Etymology
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fumigation (n.)

late 14c., "action of making aromatic smoke as part of a ceremony," from Latin fumigationem (nominative fumigatio) "a smoking," noun of action from past-participle stem of fumigare "to smoke," from fumus "smoke, fume" (from PIE root *dheu- (1) "dust, vapor, smoke") + root of agere "to set in motion, to do, perform" (from PIE root *ag- "to drive, draw out or forth, move"). Sense of "exposure (of someone or something) to aromatic fumes" is c. 1400, originally as a medicinal or therapeutic treatment.

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fumigate (v.)
1520s, "scent with perfumes," back-formation from fumigation. The older verb was simply fume (c. 1400). Meaning "apply smoke or fumes to," especially for cleansing purposes, is from 1781. Related: Fumigated; fumigating; fumigatory.
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*dheu- (1)

Proto-Indo-European root meaning "dust, vapor, smoke." 

It forms all or part of: enthymeme; fewmet; fume; fumigation; funk; perfume; sfumato; typhoid; typhoon; typhus.

It is the hypothetical source of/evidence for its existence is provided by: Sanskrit dhuma- "smoke, fume;" Greek thymos "spirit, courage, anger," thymiao "fumigate," thymin "incense;" Latin fumus "smoke, steam, fume;" Lithuanian dūmai "smoke" (plural); Old Prussian dumis "smoke;" Old Church Slavonic dymu "smoke;" Middle Irish dumacha "fog;" perhaps Old High German toum "steam, vapor."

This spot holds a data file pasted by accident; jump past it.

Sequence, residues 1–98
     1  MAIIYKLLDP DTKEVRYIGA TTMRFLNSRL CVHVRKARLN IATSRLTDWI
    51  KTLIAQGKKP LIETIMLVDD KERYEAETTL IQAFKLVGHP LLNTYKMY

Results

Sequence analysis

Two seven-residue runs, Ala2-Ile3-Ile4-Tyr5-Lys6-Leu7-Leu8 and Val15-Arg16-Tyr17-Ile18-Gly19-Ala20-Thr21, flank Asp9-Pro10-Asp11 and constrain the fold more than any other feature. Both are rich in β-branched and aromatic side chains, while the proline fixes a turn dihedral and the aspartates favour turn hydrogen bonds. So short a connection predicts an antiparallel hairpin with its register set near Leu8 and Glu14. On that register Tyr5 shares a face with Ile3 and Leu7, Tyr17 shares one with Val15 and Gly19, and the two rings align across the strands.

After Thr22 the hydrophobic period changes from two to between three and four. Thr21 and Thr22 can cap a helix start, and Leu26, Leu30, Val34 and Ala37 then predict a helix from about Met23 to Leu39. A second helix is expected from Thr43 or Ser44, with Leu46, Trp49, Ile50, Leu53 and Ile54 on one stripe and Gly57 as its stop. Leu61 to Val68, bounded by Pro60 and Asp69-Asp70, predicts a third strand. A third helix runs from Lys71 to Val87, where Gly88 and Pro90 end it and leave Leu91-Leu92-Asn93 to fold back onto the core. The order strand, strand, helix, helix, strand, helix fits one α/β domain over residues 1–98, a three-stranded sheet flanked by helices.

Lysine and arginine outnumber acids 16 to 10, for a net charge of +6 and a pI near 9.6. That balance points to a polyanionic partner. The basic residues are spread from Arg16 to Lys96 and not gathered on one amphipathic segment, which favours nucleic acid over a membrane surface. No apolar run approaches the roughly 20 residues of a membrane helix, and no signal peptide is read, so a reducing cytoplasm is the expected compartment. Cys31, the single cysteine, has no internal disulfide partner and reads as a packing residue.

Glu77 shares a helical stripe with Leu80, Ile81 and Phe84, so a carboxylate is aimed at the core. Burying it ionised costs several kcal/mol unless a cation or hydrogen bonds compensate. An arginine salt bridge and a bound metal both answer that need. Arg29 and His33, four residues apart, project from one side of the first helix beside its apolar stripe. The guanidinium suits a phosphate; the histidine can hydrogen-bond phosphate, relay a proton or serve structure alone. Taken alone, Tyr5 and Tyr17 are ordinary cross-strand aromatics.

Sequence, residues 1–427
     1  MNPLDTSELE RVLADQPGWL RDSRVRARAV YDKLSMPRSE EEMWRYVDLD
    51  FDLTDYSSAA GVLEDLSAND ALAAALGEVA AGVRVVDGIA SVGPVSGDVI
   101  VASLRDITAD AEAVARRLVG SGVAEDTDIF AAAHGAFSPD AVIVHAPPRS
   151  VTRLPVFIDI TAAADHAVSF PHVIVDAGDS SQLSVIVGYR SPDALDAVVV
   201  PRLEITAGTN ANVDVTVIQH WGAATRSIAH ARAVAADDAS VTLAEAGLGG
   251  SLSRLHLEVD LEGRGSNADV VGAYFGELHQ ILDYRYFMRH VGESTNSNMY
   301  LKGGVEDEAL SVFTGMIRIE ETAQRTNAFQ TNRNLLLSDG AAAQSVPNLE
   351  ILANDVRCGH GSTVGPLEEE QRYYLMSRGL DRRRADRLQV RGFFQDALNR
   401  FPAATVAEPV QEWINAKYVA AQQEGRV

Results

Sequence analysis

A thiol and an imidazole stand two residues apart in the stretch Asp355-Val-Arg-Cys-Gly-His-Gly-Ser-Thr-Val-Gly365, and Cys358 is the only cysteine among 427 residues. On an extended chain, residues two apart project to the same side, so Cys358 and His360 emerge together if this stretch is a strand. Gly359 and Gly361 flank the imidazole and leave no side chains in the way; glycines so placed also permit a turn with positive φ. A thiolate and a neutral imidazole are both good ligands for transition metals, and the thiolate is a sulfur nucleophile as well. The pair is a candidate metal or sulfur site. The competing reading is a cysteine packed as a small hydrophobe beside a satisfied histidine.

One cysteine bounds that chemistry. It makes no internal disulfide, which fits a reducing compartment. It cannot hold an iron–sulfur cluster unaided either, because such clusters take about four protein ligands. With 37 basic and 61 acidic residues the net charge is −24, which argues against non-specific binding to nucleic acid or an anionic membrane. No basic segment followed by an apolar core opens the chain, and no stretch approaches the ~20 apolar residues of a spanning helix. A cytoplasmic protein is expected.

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*ag- 

Proto-Indo-European root meaning "to drive, draw out or forth, move."

It forms all or part of: act; action; active; actor; actual; actuary; actuate; agency; agenda; agent; agile; agitation; agony; ambagious; ambassador; ambiguous; anagogical; antagonize; apagoge; assay; Auriga; auto-da-fe; axiom; cache; castigate; coagulate; cogent; cogitation; counteract; demagogue; embassy; epact; essay; exact; exacta; examine; exigency; exiguous; fumigation; glucagon; hypnagogic; interact; intransigent; isagoge; litigate; litigation; mitigate; mystagogue; navigate; objurgate; pedagogue; plutogogue; prodigal; protagonist; purge; react; redact; retroactive; squat; strategy; synagogue; transact; transaction; variegate.

It is the hypothetical source of/evidence for its existence is provided by: Greek agein "to lead, guide, drive, carry off," agon "assembly, contest in the games," agōgos "leader," axios "worth, worthy, weighing as much;" Sanskrit ajati "drives," ajirah "moving, active;" Latin actus "a doing; a driving, impulse, a setting in motion; a part in a play;" agere "to set in motion, drive, drive forward," hence "to do, perform," agilis "nimble, quick;" Old Norse aka "to drive;" Middle Irish ag "battle."

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